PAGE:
Written and recorded by American country singer Alan Jackson, “Drive (For Daddy Gene)” debuted in January of 2002 as the second single from the album Drive.
Meaning of the Song: The song is dedicated to Alan’s father, Eugene Jackson, who had died on January 31, 2000. In the song, Alan recalls as a child he and his father driving around the countryside in an old beat up truck that they fixed up together as well as a boat they would drive around the lake. In the final verse, Alan talks about sharing his childhood experiences with his daughters and letting them drive his Jeep.
Accolades: Peaked at No. 1 on the U.S. Billboard Hot Country Singles & Tracks (May, 2002); peaked at No. 28 on the Billboard Hot 100; made No. 2 on Billboard‘s 2002 U.S. Country Songs Year-End chart.
129. Live Like You Were Dying (Tim McGraw)
Recorded by country artist Tim McGraw and written by Tim Nichols and Craig Wiseman, “Live Like You Were Dying” appeared on the 2004 album of the same name.
Meaning of the Song: “Live Like You Were Dying” tells the story of a man in his early forties who gets the news that his father has an unspecified, life threatening illness. His father’s message is to live life to the fullest and do things that he had always wanted to do, such as skydiving, mountain climbing, fishing, and bull riding. He also says that he became a better husband and friend. McGraw then switches perspective to himself, talking about how going fishing with his dad stopped being an imposition and how he finally, after reading the Bible, took a long hard look back over his life and took his father’s advice by going skydiving, mountain climbing, and bull riding.This song is associated with McGraw’s father, Tug McGraw, who was hospitalized with a brain tumor on March 12, 2003. It was revealed that he had cancer. He was given three weeks to live by the doctors, but survived nine months. He died on January 5, 2004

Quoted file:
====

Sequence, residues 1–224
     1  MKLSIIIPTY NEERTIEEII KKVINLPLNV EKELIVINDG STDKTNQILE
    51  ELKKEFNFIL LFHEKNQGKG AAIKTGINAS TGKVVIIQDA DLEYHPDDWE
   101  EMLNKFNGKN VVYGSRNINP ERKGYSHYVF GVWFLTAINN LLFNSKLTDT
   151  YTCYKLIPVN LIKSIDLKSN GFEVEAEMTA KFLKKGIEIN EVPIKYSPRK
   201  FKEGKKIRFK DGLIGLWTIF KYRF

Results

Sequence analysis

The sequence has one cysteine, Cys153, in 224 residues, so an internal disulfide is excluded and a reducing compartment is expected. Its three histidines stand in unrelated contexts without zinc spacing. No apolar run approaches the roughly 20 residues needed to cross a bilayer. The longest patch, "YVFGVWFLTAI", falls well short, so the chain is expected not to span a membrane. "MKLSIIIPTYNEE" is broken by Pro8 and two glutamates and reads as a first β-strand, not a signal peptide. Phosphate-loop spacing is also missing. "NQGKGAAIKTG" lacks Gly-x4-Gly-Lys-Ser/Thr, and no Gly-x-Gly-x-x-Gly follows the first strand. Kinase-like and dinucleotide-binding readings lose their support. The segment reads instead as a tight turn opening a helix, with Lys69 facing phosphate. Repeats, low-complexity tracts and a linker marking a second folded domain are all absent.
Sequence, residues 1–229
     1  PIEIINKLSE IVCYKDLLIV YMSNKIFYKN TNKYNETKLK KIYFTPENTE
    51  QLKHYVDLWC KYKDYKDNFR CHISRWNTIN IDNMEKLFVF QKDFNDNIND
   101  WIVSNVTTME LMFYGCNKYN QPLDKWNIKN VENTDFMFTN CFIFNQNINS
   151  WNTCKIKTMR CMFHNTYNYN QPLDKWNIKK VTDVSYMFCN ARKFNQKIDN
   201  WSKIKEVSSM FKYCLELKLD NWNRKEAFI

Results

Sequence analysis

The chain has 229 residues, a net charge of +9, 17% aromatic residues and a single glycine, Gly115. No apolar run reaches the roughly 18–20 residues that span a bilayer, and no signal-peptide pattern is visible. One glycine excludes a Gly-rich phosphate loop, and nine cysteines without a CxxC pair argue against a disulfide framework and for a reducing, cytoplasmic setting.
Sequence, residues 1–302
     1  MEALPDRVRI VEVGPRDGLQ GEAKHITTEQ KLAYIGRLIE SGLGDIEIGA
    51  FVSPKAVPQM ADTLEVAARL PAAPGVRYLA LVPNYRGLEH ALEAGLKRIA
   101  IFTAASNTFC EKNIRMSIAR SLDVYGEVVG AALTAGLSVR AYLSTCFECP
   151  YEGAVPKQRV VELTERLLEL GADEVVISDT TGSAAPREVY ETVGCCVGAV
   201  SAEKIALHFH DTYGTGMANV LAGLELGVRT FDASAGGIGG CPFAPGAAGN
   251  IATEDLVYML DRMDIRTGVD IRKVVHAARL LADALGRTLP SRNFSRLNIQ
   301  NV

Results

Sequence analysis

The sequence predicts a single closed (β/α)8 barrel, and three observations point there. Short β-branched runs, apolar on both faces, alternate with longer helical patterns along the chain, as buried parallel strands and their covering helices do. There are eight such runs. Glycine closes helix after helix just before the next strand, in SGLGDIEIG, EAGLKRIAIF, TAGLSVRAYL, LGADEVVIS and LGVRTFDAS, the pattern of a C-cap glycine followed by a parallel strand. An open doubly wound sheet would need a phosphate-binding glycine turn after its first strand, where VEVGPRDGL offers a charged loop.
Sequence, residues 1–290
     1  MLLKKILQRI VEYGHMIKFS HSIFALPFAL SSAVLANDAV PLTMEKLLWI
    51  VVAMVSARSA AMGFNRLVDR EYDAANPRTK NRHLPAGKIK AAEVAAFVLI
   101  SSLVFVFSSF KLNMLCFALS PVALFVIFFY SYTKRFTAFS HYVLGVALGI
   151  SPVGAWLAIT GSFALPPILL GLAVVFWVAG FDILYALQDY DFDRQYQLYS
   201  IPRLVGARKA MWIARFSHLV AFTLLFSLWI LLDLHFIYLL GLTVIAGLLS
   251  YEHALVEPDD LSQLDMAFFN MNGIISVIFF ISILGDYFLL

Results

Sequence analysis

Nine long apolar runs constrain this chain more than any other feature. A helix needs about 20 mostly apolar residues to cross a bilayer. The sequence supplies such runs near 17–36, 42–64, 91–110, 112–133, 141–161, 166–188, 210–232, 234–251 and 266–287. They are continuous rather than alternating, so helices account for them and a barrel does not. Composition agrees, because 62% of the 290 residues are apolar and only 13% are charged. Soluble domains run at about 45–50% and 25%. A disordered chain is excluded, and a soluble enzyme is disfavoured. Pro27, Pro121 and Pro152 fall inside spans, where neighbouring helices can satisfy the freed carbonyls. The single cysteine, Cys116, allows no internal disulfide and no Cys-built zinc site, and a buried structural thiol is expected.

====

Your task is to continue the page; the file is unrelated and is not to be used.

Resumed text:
Accolades: Peaked at No. 1 on the U.S. Billboard country music chart, remaining there for seven weeks; named the Number One country song of 2004 (Billboard); its music video counterpart was a nominee for Video of the Year at the 2006 Academy of Country Music Awards.
130. Somethin’ Like That (Tim McGraw)
A 1999 as single from the album A Place in the Sun, country singer Tim McGraw’s “Somethin’ Like That” was written by Rick Ferrell and Keith Follesé. Even though considered a “minor crossover hit” by some, Kevin John Coyne (Country Universe, 2001) proclaimed of the song that “through its vivid, detail-laden approach, the lyric effectively hones in on the fact that the experience of one’s first love is, in itself, unforgettable,” continuing by stating that the song’s core “is driven home by a sprightly piano hook, toe-tapping rhythm, and wildly catchy singalong-friendly chorus – a one-two punch that helps the record make an impression both as a great lyric and as a fun, catchy listen.”
Meaning of the Song: “Somethin’ Like That” recalls the 17 year-old narrator’s youthful experience of falling in love for the first time. He describes how he spotted a special lady at a Labor Day county fair and–five years later on his way to Mardis Gras–sees her again on a plane. The bridge articulates how true love never dissipates, regardless of how long two lovers are separated.
Accolades: Peaked at No. 1 on the Billboard Hot Country Singles & Tracks (now Hot Country Songs) chart; attained No. 1 on Canada’s RPM Country Singles; peaked at No. 28 on the Billboard Hot 100; per Nielsen BDS, it was the top-played radio single in any musical genre in the 2000s with 487,343 spins from January of 2000 to December of 2009.
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131. I Want You Back (The Jackson 5)
A 1969 debut single by The Jackson 5 under the Motown label, “I Want You Back” (from the album Diana Ross Presents the Jackson 5) became a smash hit for the Jacksons and helped launch them into worldwide stardom. The song, vocally led by the fledgling, preteen Michael Jackson, was initially intended for Gladys Knight & the Pips and later for Diana Ross (as “I Wanna Be Free”), but ended up being handed to the group who would go on to make it one of the biggest hits of the entire 20th-century, and what Pitchfork Media claimed as having “possibly the best chord progression in pop music history.”
Meaning of the Song: “I Want You Back” explores the theme of a lover who decides that he was too hasty in dropping his partner.
Accolades: RS/500, No. 121; No. 9 on Rolling Stones‘ ‘100 Greatest Pop Singles’ (since 1963) chart; Grammy Hall of Fame induction; peaked at No.1 on the Billboard Hot 100 and Soul Singles charts; Pitchfork Media‘s “second-best song of the 1960s”; has sold over six-million records (as of 1999).
132. Livin’ la Vida Loca (Ricky Martin)
“Livin’ la Vida Loca” (“Livin’ the Crazy Life”) was a chart-topping, career-defining song (for the album Ricky Martin) by Puerto Rican singer Ricky Martin in 1999, one that helped the Latino singer’s career blast off in the U.S. and helped pave the way for other singers’ fame–like that of Jennifer Lopez and Enrique Iglesias. Before “la Vida Loca”, most non-Latino Americans did not know Martin; it wasn’t until CNN reported on his “show shopping” performance of “La Copa de la Vida” at the 1999 Grammy Awards show that–in addition to “Livin’ la Vida Loca”–he and other Latin sensations began to emerge as superstars.